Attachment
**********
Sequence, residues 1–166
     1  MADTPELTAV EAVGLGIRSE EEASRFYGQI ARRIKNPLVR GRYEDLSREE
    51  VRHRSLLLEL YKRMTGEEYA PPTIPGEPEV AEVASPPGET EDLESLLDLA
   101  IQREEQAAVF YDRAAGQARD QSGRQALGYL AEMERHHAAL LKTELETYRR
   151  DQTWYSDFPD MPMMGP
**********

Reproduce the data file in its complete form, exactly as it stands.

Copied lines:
Sequence, residues 1–166
     1  MADTPELTAV EAVGLGIRSE EEASRFYGQI ARRIKNPLVR GRYEDLSREE
    51  VRHRSLLLEL YKRMTGEEYA PPTIPGEPEV AEVASPPGET EDLESLLDLA
   101  IQREEQAAVF YDRAAGQARD QSGRQALGYL AEMERHHAAL LKTELETYRR
   151  DQTWYSDFPD MPMMGP